“And I’m seeing in practice what I’ve always thought: that secondary infertility is a very different kind of hell.”

Here’s the post, called “Left Behind”: http://serenitynowinfertile.wordpress.com/2012/04/13/left-behind/

I struggle with the fact that we’d like another child, but I don’t feel comfortable writing about it much because I feel so guilty about it, since we have two wonderful children already.
Jjiraffe recently posted..Don’t Ignore: The Secret Life of the American InfertileMy Profile

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3 Jennifer April 26, 2012 at 4:20 pm

Hi from ICLW! Great post today. As someone struggling with my first I tend to gravitate more toward women who are also struggling with their first. With that said, I agree that your pain and frustration is not lesser than mine just because you already have a child. Best wishes to you and your family!
Jennifer recently posted..Day 11My Profile

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4 Justine April 26, 2012 at 9:13 pm

So glad you wrote this, Kathy. If I had a dime for every person who said “well, at least you have I.” (my first child), I would be … well, not wealthy, because we stopped telling people about our losses after the first one, but at least able to buy myself a very large and fancy cup of coffee with a scone. I wrote about this for my “Bust a Myth” post last year, too (http://ahalfbakedlife.blogspot.com/2011/04/bust-myth-loss-and-if-arent-as-bad-for.html) … secondary infertility was a very lonely place for me until I found this community, and even then, I sometimes felt like I was asking too much, that other women deserved at least one child before I could have two.

If we did a better job taking care of each other, maybe we’d have more visibility outside of our community, too.

Thank you for your lovely comments on my post! I am so glad to have met you here, too, and am so impressed with the work the advocacy you’ve done through writing and publishing!
Justine recently posted..Don’t Ignore: the Space BetweenMy Profile

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5 Amy April 26, 2012 at 9:51 pm

I am sorry you feel so alone dealing with secondary infertility. I have no living children so it’s hard to relate but reading your post I realize you struggle with some of the same challenges I do about where I fit in.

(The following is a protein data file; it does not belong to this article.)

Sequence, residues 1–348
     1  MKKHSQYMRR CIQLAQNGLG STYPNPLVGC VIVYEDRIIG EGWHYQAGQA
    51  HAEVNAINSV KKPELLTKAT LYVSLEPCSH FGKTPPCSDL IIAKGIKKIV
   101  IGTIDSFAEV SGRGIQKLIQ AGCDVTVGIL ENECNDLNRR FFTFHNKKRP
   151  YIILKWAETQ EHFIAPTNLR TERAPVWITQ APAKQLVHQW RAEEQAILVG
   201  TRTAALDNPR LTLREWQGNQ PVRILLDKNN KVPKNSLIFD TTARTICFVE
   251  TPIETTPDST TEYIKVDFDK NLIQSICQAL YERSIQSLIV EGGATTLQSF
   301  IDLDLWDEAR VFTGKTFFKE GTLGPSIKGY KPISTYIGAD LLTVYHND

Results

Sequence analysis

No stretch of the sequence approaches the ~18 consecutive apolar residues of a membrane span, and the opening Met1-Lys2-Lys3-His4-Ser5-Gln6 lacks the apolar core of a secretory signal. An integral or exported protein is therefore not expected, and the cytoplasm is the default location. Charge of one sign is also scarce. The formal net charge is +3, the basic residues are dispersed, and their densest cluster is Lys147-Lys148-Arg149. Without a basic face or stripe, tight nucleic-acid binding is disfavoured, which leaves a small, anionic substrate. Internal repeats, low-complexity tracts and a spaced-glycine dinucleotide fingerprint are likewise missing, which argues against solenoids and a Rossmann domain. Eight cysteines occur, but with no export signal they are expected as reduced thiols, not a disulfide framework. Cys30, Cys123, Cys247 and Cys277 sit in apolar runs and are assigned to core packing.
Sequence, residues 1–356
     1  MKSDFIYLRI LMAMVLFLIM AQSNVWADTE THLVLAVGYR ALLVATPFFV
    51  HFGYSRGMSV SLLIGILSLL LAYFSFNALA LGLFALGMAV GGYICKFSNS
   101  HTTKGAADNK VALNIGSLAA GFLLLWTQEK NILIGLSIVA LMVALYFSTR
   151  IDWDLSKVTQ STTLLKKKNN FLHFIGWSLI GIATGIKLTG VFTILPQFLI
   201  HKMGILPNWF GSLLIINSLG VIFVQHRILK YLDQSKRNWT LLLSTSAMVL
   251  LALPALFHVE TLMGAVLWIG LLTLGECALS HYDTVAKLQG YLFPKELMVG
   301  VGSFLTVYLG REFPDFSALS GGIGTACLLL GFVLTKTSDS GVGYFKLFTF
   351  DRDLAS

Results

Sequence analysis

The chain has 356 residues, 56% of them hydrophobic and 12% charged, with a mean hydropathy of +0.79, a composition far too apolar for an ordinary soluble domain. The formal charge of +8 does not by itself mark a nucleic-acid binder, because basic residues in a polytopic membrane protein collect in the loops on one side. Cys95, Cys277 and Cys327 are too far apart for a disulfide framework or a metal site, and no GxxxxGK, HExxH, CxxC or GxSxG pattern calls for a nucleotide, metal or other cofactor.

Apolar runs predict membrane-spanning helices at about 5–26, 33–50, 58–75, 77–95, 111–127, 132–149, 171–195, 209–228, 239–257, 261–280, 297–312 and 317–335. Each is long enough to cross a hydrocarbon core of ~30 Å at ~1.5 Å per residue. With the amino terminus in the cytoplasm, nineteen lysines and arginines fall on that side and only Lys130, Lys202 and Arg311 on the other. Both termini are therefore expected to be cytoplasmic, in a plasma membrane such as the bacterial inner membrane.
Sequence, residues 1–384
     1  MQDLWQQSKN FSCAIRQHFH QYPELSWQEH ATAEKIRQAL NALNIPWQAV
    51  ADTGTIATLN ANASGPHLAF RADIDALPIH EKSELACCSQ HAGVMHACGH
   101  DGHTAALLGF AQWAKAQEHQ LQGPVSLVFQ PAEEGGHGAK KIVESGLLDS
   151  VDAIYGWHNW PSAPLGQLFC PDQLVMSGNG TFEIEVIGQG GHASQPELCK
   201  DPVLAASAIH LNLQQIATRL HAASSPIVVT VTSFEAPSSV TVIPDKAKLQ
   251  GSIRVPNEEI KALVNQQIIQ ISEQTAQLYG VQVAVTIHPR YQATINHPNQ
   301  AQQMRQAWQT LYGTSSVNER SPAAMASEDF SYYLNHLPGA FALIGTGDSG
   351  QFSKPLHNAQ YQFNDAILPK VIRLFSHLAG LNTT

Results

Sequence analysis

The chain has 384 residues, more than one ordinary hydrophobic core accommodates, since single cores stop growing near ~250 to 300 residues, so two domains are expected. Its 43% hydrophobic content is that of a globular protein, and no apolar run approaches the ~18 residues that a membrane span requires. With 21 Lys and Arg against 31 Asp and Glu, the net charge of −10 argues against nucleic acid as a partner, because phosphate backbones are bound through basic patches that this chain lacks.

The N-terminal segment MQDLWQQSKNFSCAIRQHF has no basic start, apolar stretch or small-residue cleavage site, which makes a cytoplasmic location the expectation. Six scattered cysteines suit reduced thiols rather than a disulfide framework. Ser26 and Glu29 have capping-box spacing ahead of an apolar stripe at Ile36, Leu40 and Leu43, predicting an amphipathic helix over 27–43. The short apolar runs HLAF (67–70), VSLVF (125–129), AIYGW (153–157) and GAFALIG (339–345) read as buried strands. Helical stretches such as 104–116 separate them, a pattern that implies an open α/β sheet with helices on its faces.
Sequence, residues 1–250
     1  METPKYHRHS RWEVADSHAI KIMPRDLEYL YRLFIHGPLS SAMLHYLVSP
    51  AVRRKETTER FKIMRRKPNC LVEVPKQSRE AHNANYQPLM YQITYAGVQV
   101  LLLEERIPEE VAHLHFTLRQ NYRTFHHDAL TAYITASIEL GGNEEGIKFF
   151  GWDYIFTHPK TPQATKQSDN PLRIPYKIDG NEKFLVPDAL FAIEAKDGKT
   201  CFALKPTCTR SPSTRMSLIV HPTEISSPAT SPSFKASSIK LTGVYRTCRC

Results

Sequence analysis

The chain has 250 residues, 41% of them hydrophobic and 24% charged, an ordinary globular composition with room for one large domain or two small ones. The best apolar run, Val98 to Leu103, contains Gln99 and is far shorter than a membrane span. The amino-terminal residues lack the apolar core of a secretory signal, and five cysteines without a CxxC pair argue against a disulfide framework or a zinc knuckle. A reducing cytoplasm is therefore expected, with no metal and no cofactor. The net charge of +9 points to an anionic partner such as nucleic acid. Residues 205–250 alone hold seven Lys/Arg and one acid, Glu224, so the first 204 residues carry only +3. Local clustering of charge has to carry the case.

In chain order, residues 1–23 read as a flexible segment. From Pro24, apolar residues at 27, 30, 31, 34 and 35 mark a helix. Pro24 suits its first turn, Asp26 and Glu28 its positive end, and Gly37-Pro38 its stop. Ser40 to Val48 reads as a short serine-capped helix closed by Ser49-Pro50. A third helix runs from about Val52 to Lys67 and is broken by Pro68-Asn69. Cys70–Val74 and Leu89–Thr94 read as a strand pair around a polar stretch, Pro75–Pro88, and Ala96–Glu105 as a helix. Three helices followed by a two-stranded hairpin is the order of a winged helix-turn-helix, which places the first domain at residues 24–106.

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6 Lori Lavender Luz April 26, 2012 at 10:46 pm

Well said, Kathy. You do a good job of sharing why people should show compassion for those experiencing any order (primary or secondary) of infertility.
Lori Lavender Luz recently posted..Perfect Moment Monday: Core issueMy Profile

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7 Hattie April 27, 2012 at 9:09 am

Great post and such a needed perspective. To me, it all boils down to empathy. I am experiencing something different than you, but that doesn’t mean I can’t understand that you are hurting.

ICLW #74

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8 Kristin April 27, 2012 at 9:14 am

Hello from ICLW! I’m in the same boat as Jennifer, working on my first. But you are right, this isn’t the Pain Olympics and one person’s form of pain and grief can’t and doesn’t compare with another’s. I’m so sorry for your loss.

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9 Pamela Tsigdinos April 27, 2012 at 9:49 am

Thanks, Kathy, for this post and all you do to raise awareness. Lisa and I have had many conversations about the challenges of being “the black sheep” of the infertility community. We’re the nightmare scenario for those who are trying to conceive and we’re often rendered invisible by those who move on to motherhood. To be “seen” is a gift unto itself…thanks again!
Pamela Tsigdinos recently posted..Don’t Ignore…There’s More Than One Infertility EndingMy Profile

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10 EndoJourney April 27, 2012 at 11:22 pm

Great point! I don’t have children but I know people who do have 1 or some and still struggle to have more. It’s a couple’s decision what they want their family to look like. No one else has a right to judge how many children they want. The frustration of getting that family when dealing with infertility cannot be understated.

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11 Tracey April 28, 2012 at 12:57 am

Hi, stopping by from ICLW 92. I just blogged on not ignoring the support of those who’ve walked in your shoes and been successful, and in it I touched on the bias against secondary infertility patients who some primary infertility patients view as greedy for coming back for more. We should all try to see ourselves as merely women who can’t have the families we want, instead of women who can’t have a baby.
I blog for my IVF docs at Long Island IVF so I can share my stories. I’m hoping ICLW and NIAW can help me find new blogs and spread the word about LIIVF’s free Micro-IVF cycle contest kicking off this week. Details for those interested are on the blog or Long Island IVF’s FB page.

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12 Katie April 28, 2012 at 8:09 pm

Thank you for writing this. I dealt with IF before my daughter and now SIF and RPL since her. Its so hard to explain to people when the first words out of there mouth’s are “well at least you have your daughter”…And I get that…but that doesn’t take the pain away from everything I have endured after her…and that list is pretty dang long.

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13 Annissa April 28, 2012 at 11:09 pm

I suffered through secondary infertility for years, 14 miscarriages… but I was blessed 4 times in the time frame.

I totally agree that some people feel we should have just been thankful with the one child and not understanding the need or want for more. Knowing in your heart your family isn’t yet complete….

Perusing your blog via ICLW (#86)
Annissa recently posted..Potty Trained – SUCCESS!!!My Profile